It was almost a year ago that I began the photo project. I decided to store all of my photos digitally and toss many of the print copies. The space occupied by the volumes of photo albums was too much for me to handle. As usual, I thought this would be a two-week job; after two weeks, I thought it would take a few months; after a few months I lost interest for a while; and a year later I am finished. I have never been so happy to complete a project in my entire life!
Here is what I started with:
There were photo albums, boxes of photos, and envelopes of photos in the media cabinet, the front closet, the bedroom closet, under the bed, and in the kitchen junk drawer. In other words, they were everywhere!
I decided to keep some of the photo albums as they were. These are albums from specific trips that are organized and contained, and I wanted to keep print copies of all of them. My trips to Italy, Costa Rica, and the International Balloon Fiesta in Albuquerque are among those that were untouched. However, I was able to empty and donate a whopping 12 photo albums!
You’re probably wondering what took so long, right? Why didn’t I throw these photos in a box and drive them to the photo store and have them scanned, right? Because I had over 3,000 photos to be scanned. Because Costco charges $1 per photo, Target charges .99 cents per photo, and a local Mom and Pop charges .49 cents per photo. I was not about to pay $1,500-$3,000 to store a bunch of snapshots.
So, yours truly started taking photos of the photos with her iPhone. Snapping 3,000 photos normally wouldn’t take that long, but, of course I couldn’t just leave it at that (and some of it I learned as I went). Here is how the process looked in its final form:
- Sort all photos into piles by year, tossing the truly trash pics that I didn’t need to keep in any format. That took it from roughly 3,100 to roughly 3,000.
- Photograph each picture with my iPhone. Yep, all 3,000!
- Edit each photo. Nearly all of them needed to be rotated, cropped, and lightened.
- Copy edited, digital photos from MacBook to external drive.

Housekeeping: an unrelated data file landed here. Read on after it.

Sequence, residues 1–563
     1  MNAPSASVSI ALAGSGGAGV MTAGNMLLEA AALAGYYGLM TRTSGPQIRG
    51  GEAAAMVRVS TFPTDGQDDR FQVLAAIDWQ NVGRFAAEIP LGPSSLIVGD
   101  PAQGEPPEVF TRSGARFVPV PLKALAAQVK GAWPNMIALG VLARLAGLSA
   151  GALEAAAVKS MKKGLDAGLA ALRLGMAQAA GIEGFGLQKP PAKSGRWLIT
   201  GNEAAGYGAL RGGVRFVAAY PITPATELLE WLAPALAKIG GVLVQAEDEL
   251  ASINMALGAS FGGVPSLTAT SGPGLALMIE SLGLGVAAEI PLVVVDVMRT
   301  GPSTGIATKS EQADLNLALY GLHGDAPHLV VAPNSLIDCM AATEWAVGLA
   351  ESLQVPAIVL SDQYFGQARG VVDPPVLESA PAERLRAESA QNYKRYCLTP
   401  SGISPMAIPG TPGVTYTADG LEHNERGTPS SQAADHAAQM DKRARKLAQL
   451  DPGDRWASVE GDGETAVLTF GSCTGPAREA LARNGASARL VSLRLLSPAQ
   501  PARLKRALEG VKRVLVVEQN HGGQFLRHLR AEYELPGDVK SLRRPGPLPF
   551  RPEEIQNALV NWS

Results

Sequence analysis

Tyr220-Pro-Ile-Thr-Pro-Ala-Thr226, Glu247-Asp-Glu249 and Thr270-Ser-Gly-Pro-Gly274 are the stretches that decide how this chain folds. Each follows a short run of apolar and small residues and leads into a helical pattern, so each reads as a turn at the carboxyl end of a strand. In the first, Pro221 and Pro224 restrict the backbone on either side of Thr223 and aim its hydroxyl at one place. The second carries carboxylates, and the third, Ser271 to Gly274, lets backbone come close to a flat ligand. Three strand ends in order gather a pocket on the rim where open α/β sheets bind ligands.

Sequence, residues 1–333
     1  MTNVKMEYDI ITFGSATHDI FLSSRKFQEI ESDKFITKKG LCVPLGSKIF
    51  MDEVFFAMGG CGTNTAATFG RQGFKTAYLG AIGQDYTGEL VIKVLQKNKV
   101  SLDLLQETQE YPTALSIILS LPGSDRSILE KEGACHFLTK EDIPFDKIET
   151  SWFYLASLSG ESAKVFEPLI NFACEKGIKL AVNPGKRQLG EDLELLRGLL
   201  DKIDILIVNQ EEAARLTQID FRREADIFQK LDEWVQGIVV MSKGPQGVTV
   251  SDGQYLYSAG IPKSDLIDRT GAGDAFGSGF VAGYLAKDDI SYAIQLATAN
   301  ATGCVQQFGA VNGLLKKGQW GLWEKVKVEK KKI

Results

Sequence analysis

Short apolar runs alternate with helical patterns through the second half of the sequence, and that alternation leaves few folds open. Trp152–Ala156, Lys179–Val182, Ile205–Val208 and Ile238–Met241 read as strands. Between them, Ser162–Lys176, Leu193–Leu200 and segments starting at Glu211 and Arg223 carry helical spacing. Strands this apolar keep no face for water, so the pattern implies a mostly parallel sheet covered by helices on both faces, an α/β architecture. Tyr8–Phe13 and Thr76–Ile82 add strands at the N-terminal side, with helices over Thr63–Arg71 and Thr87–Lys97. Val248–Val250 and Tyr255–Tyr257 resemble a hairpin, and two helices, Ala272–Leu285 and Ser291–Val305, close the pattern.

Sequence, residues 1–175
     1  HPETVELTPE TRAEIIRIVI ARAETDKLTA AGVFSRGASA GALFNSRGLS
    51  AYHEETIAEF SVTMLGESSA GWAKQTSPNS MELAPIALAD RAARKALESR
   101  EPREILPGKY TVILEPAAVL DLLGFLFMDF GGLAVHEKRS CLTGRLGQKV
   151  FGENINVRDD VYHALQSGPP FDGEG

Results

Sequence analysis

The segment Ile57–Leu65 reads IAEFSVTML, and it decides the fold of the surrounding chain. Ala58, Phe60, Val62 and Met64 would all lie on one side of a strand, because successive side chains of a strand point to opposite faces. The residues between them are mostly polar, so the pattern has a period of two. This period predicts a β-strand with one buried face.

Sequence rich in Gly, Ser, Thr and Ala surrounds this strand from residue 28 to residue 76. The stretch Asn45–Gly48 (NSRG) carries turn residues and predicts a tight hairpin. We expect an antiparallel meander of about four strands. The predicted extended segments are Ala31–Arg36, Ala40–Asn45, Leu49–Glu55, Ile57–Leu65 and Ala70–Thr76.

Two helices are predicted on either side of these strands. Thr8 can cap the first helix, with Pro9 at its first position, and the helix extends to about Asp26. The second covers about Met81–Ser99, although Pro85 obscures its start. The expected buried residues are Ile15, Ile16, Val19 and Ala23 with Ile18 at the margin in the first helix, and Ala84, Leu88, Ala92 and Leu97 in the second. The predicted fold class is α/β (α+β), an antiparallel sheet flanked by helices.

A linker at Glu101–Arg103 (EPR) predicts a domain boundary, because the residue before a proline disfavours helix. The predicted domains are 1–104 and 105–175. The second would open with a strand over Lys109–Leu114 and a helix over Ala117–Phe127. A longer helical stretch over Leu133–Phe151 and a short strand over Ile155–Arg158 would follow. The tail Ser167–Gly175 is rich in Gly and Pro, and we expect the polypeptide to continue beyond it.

- Rename each photo on the external drive to include the date of the photo, e.g. 2015-04-13 01 followed by 2015-04-13 02, and so on.
- After the photos were renamed on the external drive, copy to a back-up external drive and then delete from the iPhone and MacBook.
Now you know what took so long. Sheesh! I admit, I lost interest last summer and did most of the work over the winter when the weather was too cold to go out anyway. All total, it probably could have been done in four to six months had I stuck to it a few nights per week. But who wants to do that? I’m more of an “admire the finished product” kind of girl rather than a “hunker down and get it done” kind of girl. Ha!
But, speaking of finished product, here it is:
I have eight photo albums and three small boxes. The boxes contain photos from the 1940s with tabs dividing them by year. I tossed a lot of the prints knowing I now have them digitally, but kept prints that are old or have sentimental value. It was around 2010 that I stopped having photos printed, and those are digital already, so all I need to do is transfer them to the external drives.
My only cost for this project was $200 on the external drives. I bought two Seagate 2T drives from Amazon, and have made them mirror images of each other. If one crashes, I still have all of my photos on the other. I’m still nervous about throwing everything in cloud storage, so the external drives are perfect for me.
This was a lot of work, but I like knowing where all of my photos are, having them backed up on external drives, and having cleared some space under the bed, in the closet, and in the junk drawer. You know me…I’ll sleep better with that extra space under the bed!
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